By Stephen Collinson ,AFP
WASHINGTON — Back before campaign promises needed to be cashed, U.S. President Barack Obama told 200,000 Berliners that allies must “trust each other” and vowed to repair bonds torn by George W. Bush’s go-it-alone diplomacy. Six years on, he needs to do some work to make good on that pledge. Sectarian chaos remaking the Middle East, Edward Snowden’s bombshells on U.S. spying in Europe and political choices made in turbulent times, have again put U.S. alliances under pressure. A European swoon spurred by Obama’s Berlin speech as a presidential candidate in 2008 peaked with a premature Nobel peace prize a year later. But when he looked to Asia rather than requiting Europe’s crush, the relationship began to cool. It took Snowden’s revelations to provoke a crisis in Germany where allegations of U.S. Internet and phone surveillance recalled Big Brother East German communists. Germans were furious U.S. spies tapped Chancellor Angela Merkel’s phone, and sent the CIA station chief home over a double agent scandal last week. German Finance Minister Wolfgang Schaeuble said U.S. conduct “makes you want to cry.” It’s all a long way from 2008. “Europe had such extraordinary expectations of President Obama and what he could do. We have seen in the last several years, a managing down of those expectations,” said Heather Conley, an analyst at the Center for Strategic and International Studies.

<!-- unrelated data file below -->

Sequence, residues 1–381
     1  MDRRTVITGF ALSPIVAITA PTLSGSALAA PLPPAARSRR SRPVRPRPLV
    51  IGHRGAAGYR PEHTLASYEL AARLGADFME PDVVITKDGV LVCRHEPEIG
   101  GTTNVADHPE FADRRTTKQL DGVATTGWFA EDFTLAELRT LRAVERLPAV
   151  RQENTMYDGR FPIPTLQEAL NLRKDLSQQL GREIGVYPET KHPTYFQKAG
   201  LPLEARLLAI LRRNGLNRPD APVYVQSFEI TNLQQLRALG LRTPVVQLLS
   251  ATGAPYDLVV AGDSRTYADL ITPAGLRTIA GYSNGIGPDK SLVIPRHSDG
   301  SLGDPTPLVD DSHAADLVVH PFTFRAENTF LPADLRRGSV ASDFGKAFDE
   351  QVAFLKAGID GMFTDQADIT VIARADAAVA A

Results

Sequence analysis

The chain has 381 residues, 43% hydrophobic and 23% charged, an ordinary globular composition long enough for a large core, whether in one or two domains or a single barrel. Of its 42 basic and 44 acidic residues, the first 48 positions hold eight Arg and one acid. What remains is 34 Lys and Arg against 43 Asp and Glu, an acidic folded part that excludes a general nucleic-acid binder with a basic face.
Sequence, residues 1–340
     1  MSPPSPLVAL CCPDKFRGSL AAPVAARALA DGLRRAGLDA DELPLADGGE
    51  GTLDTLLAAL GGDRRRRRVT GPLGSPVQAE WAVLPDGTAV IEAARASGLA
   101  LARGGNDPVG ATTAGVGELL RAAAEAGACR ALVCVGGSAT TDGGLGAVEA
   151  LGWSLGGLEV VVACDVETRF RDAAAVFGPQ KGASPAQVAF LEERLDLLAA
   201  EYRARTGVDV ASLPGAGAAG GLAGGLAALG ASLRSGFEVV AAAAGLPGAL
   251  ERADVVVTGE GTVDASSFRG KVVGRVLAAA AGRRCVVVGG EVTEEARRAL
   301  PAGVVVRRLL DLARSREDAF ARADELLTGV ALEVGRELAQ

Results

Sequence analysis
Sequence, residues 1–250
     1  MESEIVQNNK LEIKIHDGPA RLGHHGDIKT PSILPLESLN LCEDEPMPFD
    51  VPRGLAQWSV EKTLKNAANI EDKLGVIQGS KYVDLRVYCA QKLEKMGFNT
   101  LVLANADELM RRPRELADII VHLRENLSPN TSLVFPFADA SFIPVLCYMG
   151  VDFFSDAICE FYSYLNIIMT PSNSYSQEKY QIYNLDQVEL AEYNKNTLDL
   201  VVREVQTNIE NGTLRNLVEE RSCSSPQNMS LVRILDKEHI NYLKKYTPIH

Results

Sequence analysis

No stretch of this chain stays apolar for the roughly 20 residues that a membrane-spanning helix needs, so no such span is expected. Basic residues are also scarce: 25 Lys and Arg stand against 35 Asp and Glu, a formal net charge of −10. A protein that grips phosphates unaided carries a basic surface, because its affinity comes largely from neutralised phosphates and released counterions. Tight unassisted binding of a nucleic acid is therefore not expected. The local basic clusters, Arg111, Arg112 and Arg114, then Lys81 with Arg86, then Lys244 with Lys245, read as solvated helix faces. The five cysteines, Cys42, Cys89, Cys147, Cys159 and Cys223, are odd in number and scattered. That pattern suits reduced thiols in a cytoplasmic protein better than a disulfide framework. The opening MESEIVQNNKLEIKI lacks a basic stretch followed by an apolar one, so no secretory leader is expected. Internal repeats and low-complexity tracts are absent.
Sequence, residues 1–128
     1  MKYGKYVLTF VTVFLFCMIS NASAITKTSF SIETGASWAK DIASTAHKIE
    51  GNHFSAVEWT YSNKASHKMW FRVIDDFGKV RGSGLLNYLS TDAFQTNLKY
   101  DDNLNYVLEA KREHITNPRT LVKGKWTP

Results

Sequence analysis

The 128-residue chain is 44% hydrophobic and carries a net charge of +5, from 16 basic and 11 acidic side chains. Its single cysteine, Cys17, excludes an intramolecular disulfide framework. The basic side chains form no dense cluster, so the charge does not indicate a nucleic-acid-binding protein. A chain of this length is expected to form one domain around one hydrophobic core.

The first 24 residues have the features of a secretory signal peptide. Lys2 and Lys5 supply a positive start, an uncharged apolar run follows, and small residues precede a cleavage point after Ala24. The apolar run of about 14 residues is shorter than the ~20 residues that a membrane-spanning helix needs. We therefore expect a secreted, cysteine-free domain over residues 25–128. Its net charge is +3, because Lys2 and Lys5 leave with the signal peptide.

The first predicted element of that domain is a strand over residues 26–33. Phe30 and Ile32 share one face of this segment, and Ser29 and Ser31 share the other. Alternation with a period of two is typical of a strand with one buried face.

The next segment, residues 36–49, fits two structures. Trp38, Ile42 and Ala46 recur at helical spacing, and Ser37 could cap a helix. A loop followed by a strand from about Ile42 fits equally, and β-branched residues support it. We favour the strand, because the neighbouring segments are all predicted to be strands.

Contrition Lacking Though contrition has been lacking from Washington, it may not take too much to make amends: though Obama’s popularity has ebbed – he retained the confidence of 71 percent of Germans in a Pew Research poll, a rating that he would relish at home. Relations with France are better. Paris and Washington combined to overthrow Moammar Gadhafi in Libya and forged anti-terror alliances in Africa, while beleaguered President Francois Hollande basked in a White House state visit earlier this year. Since then however, spats over a US$9 billion U.S. fine for French bank BNP Paribas and French plans to sell warships to Russia have tempered U.S.-French amity. There is always the “special relationship.”
But Britain has turned from the world stage, preoccupied by its own schizophrenic relations with the EU and Scotland’s flirt with independence. Britain’s constancy as an ally was also questioned when Prime Minister David Cameron couldn’t get parliament to back strikes on Syria over chemical weapons, foreshadowing Obama’s defeat by a war weary Congress. Washington has its own beefs with Europe, as it tires of the EU’s reluctance to toughen sanctions on Russia over Ukraine. The Pentagon meanwhile frets at eroding European defense spending. Still, Obama hails NATO as “the strongest alliance in the world” and traveled to Poland last month to bolster defense guarantees to former Soviet bloc allies.